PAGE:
7. Audit : Provision of adequate quality of work site facilities for women and men labourers Creation and maintenance of durable assets Adequate audit and evaluation mechanisms Widespread institution of social audit and use of findings

Some Points:

  1. Rozgar Jagrookta Puruskar award has been introduced to recognize outstanding Contributions by Civil society Organizations at State, District, Block and Gram Panchayat levels to generate awareness about provisions and entitlements and ensuring compliance with implementing processes.
  2. The government has engaged professional institutions like IIMs, IITs and agricultural universities to assess the implementation of NREGA across the country.

Criticism of NREGA :

Here are some points raised regarding the implementation and success of NREGA in various news papers and magazines:

  1. In last 3 years on average only 50% of the households that registered under the scheme actually got employment. (times of India)
  2. There is a wide variation of performance across states. In terms of the percentage of registered households provided work, Maharashtra has averaged an abysmal 13% over the three years while Rajasthan at the other end of the spectrum has averaged 73%. (Times of India)
  3. The rural poverty line, which is now in the region of Rs 400 per capita per day, means that an average household that is below the poverty line (BPL) will have an income of something in the range of Rs 24,000 per annum or less, assuming a five-member household. In other words, if a BPL family were to get the full promised benefit of NREGA they could earn the equivalent of more than 40% of their annual income from this one scheme alone. That should be enough to see why NREGA should not be seen as just another of the plethora of poverty alleviation schemes that India has had since Independence. (Times of India)
  4. If this scheme is implemented the right way, there will be no need for MP and MLAs funds. Look at the figures: At Rs 2 crore per 543 MP, the allocation comes to Rs 1086 crore (most times this remains underutilized). In his budget, finance minister Pranab Mukherjee has increased the NREGA allocation by 144% and it’s now Rs 39,100 crore. (Times of India)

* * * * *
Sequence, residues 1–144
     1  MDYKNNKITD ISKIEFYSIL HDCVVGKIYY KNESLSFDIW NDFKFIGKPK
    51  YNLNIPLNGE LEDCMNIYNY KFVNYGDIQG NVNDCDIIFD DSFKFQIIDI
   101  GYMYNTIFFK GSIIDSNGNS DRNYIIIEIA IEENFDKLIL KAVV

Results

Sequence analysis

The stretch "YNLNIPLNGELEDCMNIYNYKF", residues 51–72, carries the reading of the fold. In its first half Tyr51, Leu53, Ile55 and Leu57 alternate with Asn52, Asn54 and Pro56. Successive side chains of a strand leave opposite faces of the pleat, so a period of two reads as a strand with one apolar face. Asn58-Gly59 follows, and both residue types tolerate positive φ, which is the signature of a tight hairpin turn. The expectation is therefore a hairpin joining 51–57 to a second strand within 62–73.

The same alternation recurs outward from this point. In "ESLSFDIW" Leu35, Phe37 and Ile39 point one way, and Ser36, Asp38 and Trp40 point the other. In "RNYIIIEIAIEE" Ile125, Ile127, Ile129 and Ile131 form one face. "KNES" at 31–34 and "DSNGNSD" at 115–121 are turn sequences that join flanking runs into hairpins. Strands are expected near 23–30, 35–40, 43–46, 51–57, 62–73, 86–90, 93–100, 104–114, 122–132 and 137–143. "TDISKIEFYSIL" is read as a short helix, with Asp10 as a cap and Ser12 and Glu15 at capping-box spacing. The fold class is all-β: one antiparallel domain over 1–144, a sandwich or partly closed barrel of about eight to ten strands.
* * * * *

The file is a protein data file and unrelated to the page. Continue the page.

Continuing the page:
5. The Planning Commission has sought the Reserve Bank of India’s intervention in streamlining the mechanism of paying wages under the NREGA. In a letter to the central bank, the Commission said that the RBI should give directions to banks to ensure that payments to the beneficiaries of the NREGA are made only through banks or post-offices. The Commission has pointed out that disbursing funds under the NREGA, which has an annual allocation of Rs30,000 crore, needs to be strengthened to ensure that no leakages happen as the canvas of the programme is bound to expand in the near future. (Live Mint)
  6. Despite the political and economic importance NREGA has generated, there are lack of studies on the working of public employment programmes. (Live Mint)

Comments

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  • prabakar
    Reply

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  • pradeep mohan
    Reply

    Cost sharing is mentioned here is not accurate.
    Pls note
    Funding is shared between the centre and the states. There are three major items of expenditure – wages (for unskilled, semi-skilled and skilled labour), material and administrative costs. The central government bears 100% of the cost of unskilled labour, 75% of the cost of semi-skilled and skilled labour, 75% of the cost of materials and 6% of the administrative costs.

  • vikas
    Reply

    can you tell me what is ratio of wage and material or
    work by men and machine? plz with source..